Sunday, October 3, 2010

Overcoming the Spirit of Contention

Two things have come to my mind this conference weekend, two things that I have heard Pres. Monson say a number of times in the past—things that you have probably heard, too—but that I am seeing in a different light now. We all like to be right and to avoid admitting we are wrong, especially when we are communicating with our spouses. That is natural, of course, but the "natural man" (Mosiah 3:19) is what gets us into trouble.

After thinking about this over this weekend, these words from our Prophet came to my mind:

"When the Lord commands and a man obeys, that man will always be right."

So, following the Prophet's counsel, we can be right in everything we say—as long as we follow the commandments of the Lord!

Sorry. I don't mean to be light-minded about this, but I believe this is true with all my heart.

The main key for me in my communication in the home has been to recognize the most important need, that is, not to be right, but to have the Spirit of the Lord with me. If I do or say anything to get our family off track from that high goal, I can't feel right or be right, no matter how hard I try.

This brings me to the other thing Pres. Monson has said that has been on my mind:

"You can't do wrong and feel right."

When I have any contention in my heart, I know the Spirit of the Lord is not present and I just have to close my mouth until I can get the spirit of love and compassion back. You remember in the D&C when the Lord says, "And the Spirit shall be given unto you by the prayer of faith; and if ye receive not the Spirit ye shall not teach (D&C 42:14)? I'd like to apply it in this way "If ye receive not the Spirit ye shall not say anything!"

One of the most haunting verses of scripture to me about contention or angry communication is something the Savior said right after His arrival in the New World, apparently right after His resurrection—it must have been important!

"For verily, verily I say unto you, he that hath the spirit of contention is not of me, but is of the devil, who is the father of contention, and he stirreth up the hearts of men to contend with anger, one with another. Behold, this is not my doctrine, to stir up the hearts of men with anger, one against another; but this is my doctrine, that such things should be done away" (3 Nephi 11:29–30).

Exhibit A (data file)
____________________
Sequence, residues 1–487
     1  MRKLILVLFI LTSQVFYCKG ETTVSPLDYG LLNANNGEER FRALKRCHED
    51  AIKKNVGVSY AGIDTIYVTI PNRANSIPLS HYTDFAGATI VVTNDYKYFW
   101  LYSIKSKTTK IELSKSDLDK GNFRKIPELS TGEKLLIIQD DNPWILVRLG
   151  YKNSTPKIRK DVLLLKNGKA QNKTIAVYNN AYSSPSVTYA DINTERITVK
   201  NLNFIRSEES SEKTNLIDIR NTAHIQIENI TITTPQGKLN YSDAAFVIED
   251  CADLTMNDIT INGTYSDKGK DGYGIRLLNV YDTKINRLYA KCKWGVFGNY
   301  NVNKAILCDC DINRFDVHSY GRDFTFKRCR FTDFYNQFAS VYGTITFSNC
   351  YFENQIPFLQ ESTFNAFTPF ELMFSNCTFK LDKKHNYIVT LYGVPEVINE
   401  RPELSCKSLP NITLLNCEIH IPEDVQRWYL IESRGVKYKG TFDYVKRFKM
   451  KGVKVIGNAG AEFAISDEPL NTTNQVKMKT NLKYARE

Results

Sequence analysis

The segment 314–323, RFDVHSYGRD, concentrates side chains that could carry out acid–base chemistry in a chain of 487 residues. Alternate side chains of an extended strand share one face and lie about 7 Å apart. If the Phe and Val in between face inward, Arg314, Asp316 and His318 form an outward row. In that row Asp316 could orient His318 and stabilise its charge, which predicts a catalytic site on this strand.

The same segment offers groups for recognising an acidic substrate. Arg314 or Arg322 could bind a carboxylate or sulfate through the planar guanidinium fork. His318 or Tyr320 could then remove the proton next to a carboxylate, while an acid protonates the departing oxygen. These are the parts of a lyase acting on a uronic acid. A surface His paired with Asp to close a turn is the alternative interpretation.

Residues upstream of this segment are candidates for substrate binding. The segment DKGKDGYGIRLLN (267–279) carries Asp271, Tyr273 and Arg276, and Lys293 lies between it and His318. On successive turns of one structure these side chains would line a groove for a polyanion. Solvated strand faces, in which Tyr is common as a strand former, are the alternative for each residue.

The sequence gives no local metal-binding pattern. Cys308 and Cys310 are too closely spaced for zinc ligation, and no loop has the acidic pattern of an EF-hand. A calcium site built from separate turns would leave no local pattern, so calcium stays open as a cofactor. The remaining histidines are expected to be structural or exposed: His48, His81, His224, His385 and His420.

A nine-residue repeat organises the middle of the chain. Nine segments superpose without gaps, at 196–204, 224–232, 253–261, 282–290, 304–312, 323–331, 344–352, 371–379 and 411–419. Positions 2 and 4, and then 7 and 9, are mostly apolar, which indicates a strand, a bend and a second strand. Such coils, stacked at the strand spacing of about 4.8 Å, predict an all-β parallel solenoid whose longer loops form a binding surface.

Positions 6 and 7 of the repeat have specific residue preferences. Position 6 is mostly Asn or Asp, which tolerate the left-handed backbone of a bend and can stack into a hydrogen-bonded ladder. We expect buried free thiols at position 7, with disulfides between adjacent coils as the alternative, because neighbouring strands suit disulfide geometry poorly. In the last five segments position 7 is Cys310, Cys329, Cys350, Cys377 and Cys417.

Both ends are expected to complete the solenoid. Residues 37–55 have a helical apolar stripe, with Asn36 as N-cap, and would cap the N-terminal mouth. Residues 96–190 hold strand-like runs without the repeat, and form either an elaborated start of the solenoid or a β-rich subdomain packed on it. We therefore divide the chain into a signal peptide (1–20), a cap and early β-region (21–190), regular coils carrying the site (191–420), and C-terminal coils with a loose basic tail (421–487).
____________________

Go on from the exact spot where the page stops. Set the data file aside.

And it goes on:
When I have realized in the past when I had a contentious spirit that I actually had the spirit of the devil in my heart, that is not very heartening. But I have been guilty of this too often.

I find then that I have had to just turn away from contentious feelings and cast Satan's influence away. When I adjust my thoughts and come back to the conversation, then I can do so with calm and loving feelings.

(But I try not to waste any feelings: If I direct my angry feelings to cleaning the kitchen or to some other task in the home, rather than directing them to a person, I think those feelings have been put to good use and I always feel productive.)

I think the main thing I have realized over the years is that the negative things or feelings I have expressed in the past can and should be communicated in a positive way. We can deal with the very same issues, but instead of doing so in a negative way, we can do it in a positive way, with affirming and uplifting language. I think we all need to find a way to fully express ourselves, but we can do so without shutting down our communication or relationships. 

In other words, you can deal with the very same issue but get much better results without creating resentment in the other person by taking a positive, loving approach. It is like so many things in this world that can be negative or positive, like TV or the Internet or money or the way we communicate or relationships between men and women or anything. It is not that TV, for example, is only bad or only good. It can been negative or positive depending on the approach we take to it, depending on what is in our hearts, and what our true intent is, and how we use it.

Here is one last scripture I'd like to share:

"Therefore, why is it that ye cannot understand and know, that he that receiveth the word by the Spirit of truth receiveth it as it is [spoken] by the Spirit of truth? Wherefore, he that [speaketh] and he that receiveth, understand one another, and both are edified and rejoice together. And that which doth not edify is not of God, and is darkness. That which is of God is light; and he that receiveth light, and continueth in God, receiveth more light; and that light groweth brighter and brighter until the perfect day" (D&C 50:21-24).

I feel this phrase from verse 23 really gets at the core: "That which doth not edify is not of God, and is darkness."

If I am not building up, I am tearing down, and if I am tearing down, I am in darkness where the devil and his angels reign. If I am building up, I am in the light and God is with me. And that's what I want more than anything!

1 comment:

  1. One of the best ways that I have found to minimize contention in our family is simply to have family scripture study daily. It seems to help us keep more of the spirit in our lives. My little girls get up each morning willingly and happily to read the scriptures. They would never dream of letting us forget. This is our second continuous year of following that council and the most important change I have seen is the desire to argue and bicker has decreased and the love and appreciation have increased. I have found great love and understanding through reading my scriptures.

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